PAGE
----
TO HEAR TECH CEOs like Mark Zuckerberg or Satya Nadella talk about it, the metaverse is the future of the internet. Or it’s a video game. Or maybe it’s a deeply uncomfortable, worse version of Zoom? It’s hard to say.
To a certain extent, talking about what “the metaverse” means is a bit like having a discussion about what “the internet” means in the 1970s. The building blocks of a new form of communication were in the process of being built, but no one could really know what the reality would look like. So while it was true, at the time, that “the internet” was coming, not every idea of what that would look like is true.
On the other hand, there’s also a lot of marketing hype wrapped up in this idea of the metaverse. Facebook, in particular, is in an especially vulnerable place after Apple’s move to limit ad tracking hit the company’s bottom line. It’s impossible to separate Facebook’s vision of a future where everyone has a digital wardrobe to swipe through from the fact that Facebook really wants to make money selling virtual clothes.
Seriously, What Does ‘Metaverse’ Mean?
To help you get a sense of how vague and complex a term “the metaverse” can be, here’s an exercise to try: Mentally replace the phrase “the metaverse” in a sentence with “cyberspace.” Ninety percent of the time, the meaning won’t substantially change. That’s because the term doesn’t really refer to any one specific type of technology, but rather a broad shift in how we interact with technology. And it’s entirely possible that the term itself will eventually become just as antiquated, even as the specific technology it once described becomes commonplace.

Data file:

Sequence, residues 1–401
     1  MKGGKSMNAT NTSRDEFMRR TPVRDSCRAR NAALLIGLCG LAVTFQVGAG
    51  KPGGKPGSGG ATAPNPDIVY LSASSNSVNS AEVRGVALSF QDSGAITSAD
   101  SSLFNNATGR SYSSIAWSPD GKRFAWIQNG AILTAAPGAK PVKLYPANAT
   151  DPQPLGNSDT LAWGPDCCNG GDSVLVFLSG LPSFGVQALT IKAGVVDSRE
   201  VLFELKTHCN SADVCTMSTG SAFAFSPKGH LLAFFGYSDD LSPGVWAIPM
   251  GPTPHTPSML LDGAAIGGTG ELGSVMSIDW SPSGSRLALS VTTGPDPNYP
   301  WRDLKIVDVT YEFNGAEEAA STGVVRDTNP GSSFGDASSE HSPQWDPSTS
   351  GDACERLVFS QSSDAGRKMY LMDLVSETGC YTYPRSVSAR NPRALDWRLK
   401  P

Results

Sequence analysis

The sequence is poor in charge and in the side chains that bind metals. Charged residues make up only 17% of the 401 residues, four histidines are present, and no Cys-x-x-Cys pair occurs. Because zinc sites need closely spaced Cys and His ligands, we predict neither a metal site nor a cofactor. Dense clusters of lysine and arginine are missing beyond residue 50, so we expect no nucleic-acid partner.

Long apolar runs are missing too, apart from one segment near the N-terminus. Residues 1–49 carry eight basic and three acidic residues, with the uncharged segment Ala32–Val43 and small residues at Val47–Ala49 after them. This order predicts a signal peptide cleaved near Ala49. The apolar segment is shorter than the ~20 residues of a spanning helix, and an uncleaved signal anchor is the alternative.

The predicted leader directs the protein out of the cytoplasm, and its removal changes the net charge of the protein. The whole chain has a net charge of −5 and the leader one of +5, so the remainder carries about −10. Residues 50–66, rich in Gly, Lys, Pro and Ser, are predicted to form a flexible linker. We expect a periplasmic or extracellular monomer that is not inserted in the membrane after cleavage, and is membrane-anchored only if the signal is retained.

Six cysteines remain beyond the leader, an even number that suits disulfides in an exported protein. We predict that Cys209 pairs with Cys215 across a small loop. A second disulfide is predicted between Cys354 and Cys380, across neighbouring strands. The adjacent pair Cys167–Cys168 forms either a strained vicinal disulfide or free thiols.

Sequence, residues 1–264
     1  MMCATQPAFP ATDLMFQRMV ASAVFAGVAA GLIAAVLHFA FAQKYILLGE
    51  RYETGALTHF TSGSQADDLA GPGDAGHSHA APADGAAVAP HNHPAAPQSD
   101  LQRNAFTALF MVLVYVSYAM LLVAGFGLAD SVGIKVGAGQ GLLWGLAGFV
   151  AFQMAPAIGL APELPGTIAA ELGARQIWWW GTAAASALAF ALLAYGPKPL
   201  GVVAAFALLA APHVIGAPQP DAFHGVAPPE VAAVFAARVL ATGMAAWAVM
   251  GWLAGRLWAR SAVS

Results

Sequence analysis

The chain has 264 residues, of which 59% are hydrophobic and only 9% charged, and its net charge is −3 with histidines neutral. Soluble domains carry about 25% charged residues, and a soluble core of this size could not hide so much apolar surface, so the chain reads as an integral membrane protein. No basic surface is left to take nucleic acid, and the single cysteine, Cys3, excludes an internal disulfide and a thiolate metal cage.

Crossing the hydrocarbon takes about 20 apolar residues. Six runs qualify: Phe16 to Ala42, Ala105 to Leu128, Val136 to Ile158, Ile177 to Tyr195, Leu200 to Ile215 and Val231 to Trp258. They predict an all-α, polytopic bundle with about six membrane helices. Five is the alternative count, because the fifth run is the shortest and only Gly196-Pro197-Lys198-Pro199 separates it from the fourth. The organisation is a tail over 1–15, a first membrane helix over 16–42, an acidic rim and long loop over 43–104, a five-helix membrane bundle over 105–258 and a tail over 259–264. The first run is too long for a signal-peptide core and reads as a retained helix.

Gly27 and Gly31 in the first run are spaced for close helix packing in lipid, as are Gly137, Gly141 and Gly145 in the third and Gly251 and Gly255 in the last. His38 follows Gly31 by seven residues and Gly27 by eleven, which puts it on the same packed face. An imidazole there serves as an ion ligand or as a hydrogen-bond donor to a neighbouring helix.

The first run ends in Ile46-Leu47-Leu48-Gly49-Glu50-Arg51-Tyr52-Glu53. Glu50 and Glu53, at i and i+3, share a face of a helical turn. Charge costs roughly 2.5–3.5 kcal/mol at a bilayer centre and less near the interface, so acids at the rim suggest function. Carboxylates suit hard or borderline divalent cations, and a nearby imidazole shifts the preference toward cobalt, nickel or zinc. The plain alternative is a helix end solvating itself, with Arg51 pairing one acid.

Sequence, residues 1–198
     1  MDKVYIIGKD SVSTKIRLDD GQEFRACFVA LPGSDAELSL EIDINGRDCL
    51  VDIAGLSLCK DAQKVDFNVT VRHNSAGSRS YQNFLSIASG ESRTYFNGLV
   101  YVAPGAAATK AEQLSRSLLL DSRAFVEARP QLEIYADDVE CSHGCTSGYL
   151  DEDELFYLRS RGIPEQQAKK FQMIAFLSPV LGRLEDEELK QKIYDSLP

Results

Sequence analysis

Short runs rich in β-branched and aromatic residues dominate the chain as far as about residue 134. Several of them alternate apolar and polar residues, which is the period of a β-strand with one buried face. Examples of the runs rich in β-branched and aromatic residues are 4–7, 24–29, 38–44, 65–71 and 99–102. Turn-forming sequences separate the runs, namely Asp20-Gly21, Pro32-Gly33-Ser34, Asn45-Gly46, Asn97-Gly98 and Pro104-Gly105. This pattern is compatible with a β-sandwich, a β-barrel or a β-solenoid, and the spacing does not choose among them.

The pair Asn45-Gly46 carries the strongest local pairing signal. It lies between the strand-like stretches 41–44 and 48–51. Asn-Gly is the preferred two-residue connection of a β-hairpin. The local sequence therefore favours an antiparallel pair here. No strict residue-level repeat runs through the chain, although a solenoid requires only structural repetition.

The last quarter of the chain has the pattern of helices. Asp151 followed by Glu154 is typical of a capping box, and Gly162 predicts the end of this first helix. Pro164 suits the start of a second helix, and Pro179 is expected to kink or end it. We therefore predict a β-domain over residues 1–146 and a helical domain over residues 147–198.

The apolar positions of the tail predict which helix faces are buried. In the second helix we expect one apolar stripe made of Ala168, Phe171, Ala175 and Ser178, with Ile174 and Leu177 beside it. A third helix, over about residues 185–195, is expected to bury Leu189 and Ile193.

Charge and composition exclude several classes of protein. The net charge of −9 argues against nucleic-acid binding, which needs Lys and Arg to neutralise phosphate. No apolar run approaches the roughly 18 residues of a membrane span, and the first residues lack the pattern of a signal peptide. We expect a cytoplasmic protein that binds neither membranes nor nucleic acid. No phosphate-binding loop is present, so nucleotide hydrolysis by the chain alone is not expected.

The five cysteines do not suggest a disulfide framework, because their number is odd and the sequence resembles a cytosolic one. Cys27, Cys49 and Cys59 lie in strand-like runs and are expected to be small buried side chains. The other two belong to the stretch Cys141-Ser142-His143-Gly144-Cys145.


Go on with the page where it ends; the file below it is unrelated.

Broadly speaking, the technologies that make up the metaverse can include virtual reality—characterized by persistent virtual worlds that continue to exist even when you’re not playing—as well as augmented reality that combines aspects of the digital and physical worlds. However, it doesn’t require that those spaces be exclusively accessed via VR or AR. A virtual world, like aspects of Fortnite that can be accessed through PCs, game consoles, and even phones, could be metaversal.
It also translates to a digital economy, where users can create, buy, and sell goods. And, in the more idealistic visions of the metaverse, it’s interoperable, allowing you to take virtual items like clothes or cars from one platform to another. In the real world, you can buy a shirt from the mall and then wear it to a movie theater. Right now, most platforms have virtual identities, avatars, and inventories that are tied to just one platform, but a metaverse might allow you to create a persona that you can take everywhere as easily as you can copy your profile picture from one social network to another.